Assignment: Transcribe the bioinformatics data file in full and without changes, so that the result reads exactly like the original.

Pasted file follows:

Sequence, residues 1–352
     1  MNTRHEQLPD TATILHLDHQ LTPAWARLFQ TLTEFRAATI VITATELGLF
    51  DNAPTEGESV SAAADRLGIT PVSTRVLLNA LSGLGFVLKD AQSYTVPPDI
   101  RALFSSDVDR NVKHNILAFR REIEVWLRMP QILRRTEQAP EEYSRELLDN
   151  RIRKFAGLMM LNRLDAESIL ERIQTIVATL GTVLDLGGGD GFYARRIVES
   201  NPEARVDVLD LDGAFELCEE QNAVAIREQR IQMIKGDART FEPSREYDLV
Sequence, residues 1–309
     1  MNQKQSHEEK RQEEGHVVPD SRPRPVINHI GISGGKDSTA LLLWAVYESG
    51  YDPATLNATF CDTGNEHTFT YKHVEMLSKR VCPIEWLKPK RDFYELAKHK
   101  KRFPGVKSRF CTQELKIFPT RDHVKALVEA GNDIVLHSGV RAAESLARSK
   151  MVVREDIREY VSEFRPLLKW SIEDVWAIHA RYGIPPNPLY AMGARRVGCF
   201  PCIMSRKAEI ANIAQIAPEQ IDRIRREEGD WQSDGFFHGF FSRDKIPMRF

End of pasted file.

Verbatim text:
Sequence, residues 1–352
     1  MNTRHEQLPD TATILHLDHQ LTPAWARLFQ TLTEFRAATI VITATELGLF
    51  DNAPTEGESV SAAADRLGIT PVSTRVLLNA LSGLGFVLKD AQSYTVPPDI
   101  RALFSSDVDR NVKHNILAFR REIEVWLRMP QILRRTEQAP EEYSRELLDN
   151  RIRKFAGLMM LNRLDAESIL ERIQTIVATL GTVLDLGGGD GFYARRIVES
   201  NPEARVDVLD LDGAFELCEE QNAVAIREQR IQMIKGDART FEPSREYDLV
Sequence, residues 1–309
     1  MNQKQSHEEK RQEEGHVVPD SRPRPVINHI GISGGKDSTA LLLWAVYESG
    51  YDPATLNATF CDTGNEHTFT YKHVEMLSKR VCPIEWLKPK RDFYELAKHK
   101  KRFPGVKSRF CTQELKIFPT RDHVKALVEA GNDIVLHSGV RAAESLARSK
   151  MVVREDIREY VSEFRPLLKW SIEDVWAIHA RYGIPPNPLY AMGARRVGCF
   201  PCIMSRKAEI ANIAQIAPEQ IDRIRREEGD WQSDGFFHGF FSRDKIPMRF